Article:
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Open Access Endothelial Progenitor Cell-Based Therapy for Pulmonary Arterial Hypertension

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A growing body of evidence in animal models and clinical studies supports the concept that endothelial progenitor cell (EPC)-mediated therapy ameliorates pulmonary arterial hypertension (PAH) and thus may represent a novel approach to treat it. Conversely, several experimental findings suggest that EPCs may be involved in PAH pathogenesis and disease progression. These discrepant results confuse the application of EPC transplantation as an effective treatment strategy for PAH. To improve the study of EPC transplantation in PAH therapy, it is high time that we resolve this dilemma. In this review, we examine the pathobiological changes of PAH, the characteristics of EPCs, and the underlying mechanisms of EPC effects on PAH.
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Keywords: Endothelial progenitor cells (EPCs); Mechanisms; Pulmonary arterial hypertension (PAH); Transplantation

Document Type: Research Article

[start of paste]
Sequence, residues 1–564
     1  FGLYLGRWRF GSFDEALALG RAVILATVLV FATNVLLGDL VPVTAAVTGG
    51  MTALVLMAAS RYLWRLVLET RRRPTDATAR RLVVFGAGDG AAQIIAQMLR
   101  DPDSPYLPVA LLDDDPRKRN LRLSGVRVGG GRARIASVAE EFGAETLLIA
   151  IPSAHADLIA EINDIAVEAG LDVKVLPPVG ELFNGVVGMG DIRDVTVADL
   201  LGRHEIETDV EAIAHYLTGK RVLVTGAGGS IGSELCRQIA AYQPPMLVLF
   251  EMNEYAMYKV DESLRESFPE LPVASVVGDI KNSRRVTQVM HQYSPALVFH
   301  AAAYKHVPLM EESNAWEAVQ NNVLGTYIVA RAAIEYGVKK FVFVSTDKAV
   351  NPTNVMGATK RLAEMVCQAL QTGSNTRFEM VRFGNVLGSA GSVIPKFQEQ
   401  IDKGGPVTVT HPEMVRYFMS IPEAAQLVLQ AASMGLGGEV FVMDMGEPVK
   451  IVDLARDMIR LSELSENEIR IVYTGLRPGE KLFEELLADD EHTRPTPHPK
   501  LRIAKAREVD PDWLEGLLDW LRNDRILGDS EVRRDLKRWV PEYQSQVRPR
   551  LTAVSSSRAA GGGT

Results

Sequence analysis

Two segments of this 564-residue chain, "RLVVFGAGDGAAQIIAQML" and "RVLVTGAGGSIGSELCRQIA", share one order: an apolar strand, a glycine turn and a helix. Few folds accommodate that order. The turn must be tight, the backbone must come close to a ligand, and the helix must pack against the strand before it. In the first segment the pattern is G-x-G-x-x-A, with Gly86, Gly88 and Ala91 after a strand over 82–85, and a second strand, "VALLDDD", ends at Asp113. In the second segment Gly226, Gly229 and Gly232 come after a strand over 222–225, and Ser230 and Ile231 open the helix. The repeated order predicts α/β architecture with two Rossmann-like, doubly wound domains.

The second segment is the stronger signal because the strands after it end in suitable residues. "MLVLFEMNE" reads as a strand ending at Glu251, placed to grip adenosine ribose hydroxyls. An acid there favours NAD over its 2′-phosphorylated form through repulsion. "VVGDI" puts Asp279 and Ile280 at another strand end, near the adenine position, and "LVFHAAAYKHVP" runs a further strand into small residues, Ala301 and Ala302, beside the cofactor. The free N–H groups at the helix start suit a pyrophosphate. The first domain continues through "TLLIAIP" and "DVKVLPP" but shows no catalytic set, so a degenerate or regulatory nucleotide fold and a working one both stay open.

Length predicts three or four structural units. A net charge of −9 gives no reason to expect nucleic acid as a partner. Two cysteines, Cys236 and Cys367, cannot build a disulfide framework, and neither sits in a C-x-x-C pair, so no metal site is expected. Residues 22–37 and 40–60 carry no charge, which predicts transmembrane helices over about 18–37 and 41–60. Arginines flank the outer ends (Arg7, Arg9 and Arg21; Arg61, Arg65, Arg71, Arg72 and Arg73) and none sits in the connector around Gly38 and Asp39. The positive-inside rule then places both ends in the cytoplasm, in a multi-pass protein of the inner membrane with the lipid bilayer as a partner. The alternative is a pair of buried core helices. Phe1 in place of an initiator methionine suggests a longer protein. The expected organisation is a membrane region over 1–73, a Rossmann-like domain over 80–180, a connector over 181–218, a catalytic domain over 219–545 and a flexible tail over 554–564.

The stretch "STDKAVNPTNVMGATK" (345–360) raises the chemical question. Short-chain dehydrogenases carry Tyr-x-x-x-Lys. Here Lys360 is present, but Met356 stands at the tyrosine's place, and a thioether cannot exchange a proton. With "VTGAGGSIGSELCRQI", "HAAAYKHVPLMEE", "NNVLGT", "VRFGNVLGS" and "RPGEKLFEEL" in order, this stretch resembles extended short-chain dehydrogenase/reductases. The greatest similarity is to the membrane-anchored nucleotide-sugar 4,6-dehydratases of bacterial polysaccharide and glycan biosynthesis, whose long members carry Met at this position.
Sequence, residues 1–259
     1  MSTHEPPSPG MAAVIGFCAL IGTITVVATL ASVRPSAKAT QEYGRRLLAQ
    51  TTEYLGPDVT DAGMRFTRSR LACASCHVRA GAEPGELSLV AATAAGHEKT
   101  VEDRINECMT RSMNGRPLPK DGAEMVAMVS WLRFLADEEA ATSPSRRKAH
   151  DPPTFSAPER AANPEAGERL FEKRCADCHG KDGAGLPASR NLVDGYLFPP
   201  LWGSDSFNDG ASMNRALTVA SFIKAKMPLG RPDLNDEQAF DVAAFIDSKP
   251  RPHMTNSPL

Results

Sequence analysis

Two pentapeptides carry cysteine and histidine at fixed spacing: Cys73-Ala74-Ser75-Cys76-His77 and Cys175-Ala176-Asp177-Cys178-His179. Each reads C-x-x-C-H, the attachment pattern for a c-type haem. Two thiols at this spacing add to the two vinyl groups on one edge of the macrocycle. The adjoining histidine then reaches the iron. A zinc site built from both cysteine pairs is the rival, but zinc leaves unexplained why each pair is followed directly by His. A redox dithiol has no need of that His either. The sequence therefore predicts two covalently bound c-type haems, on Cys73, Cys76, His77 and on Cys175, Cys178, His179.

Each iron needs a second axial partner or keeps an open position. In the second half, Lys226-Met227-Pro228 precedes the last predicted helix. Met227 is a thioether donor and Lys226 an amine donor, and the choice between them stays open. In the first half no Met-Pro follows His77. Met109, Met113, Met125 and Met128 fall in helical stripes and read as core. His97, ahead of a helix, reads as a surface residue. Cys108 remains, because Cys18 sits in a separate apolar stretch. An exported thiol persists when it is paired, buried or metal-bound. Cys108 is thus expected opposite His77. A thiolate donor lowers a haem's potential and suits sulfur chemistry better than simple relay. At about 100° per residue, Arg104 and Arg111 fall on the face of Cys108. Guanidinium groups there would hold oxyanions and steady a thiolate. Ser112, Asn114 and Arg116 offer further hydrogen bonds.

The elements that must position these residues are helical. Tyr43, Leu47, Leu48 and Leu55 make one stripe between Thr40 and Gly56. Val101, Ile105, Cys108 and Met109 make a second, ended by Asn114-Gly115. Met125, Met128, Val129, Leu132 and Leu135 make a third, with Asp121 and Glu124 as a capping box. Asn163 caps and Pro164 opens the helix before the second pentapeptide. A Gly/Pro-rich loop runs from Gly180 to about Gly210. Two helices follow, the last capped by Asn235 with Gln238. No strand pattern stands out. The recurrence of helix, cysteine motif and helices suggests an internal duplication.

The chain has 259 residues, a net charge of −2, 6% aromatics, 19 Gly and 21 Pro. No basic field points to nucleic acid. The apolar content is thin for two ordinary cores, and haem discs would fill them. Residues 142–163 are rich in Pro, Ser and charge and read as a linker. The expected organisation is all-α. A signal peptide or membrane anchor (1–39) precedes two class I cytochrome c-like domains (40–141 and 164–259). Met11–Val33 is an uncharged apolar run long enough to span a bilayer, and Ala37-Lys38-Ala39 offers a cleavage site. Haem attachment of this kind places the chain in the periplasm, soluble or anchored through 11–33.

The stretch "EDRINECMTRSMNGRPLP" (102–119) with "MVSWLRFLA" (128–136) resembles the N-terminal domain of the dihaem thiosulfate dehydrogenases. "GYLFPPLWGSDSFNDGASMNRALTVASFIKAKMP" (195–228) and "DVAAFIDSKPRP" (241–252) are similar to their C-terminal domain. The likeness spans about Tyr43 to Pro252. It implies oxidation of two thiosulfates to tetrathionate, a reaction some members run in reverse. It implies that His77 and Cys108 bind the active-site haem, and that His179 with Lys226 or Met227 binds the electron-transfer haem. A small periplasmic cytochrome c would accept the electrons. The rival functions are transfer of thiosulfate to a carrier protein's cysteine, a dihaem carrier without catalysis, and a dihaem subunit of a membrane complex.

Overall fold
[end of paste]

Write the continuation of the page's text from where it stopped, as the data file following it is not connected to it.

Publication date: 09 August 2013

More about this publication?
  • Cell Transplantation publishes original, peer-reviewed research and review articles on the subject of cell transplantation and its application to human diseases. To ensure high-quality contributions from all areas of transplantation, separate section editors and editorial boards have been established. Articles deal with a wide range of topics including physiological, medical, preclinical, tissue engineering, and device-oriented aspects of transplantation of nervous system, endocrine, growth factor-secreting, bone marrow, epithelial, endothelial, and genetically engineered cells, among others. Basic clinical studies and immunological research papers are also featured. To provide complete coverage of this revolutionary field, Cell Transplantation will report on relevant technological advances, and ethical and regulatory considerations of cell transplants. Cell Transplantation is now an Open Access journal starting with volume 18 in 2009, and therefore there will be an inexpensive publication charge, which is dependent on the number of pages, in addition to the charge for color figures. This will allow work to be disseminated to a wider audience and also entitle the corresponding author to a free PDF, as well as prepublication of an unedited version of the manuscript.

    Cell Transplantation is now being published by SAGE. Please visit their website for the most recent issues.

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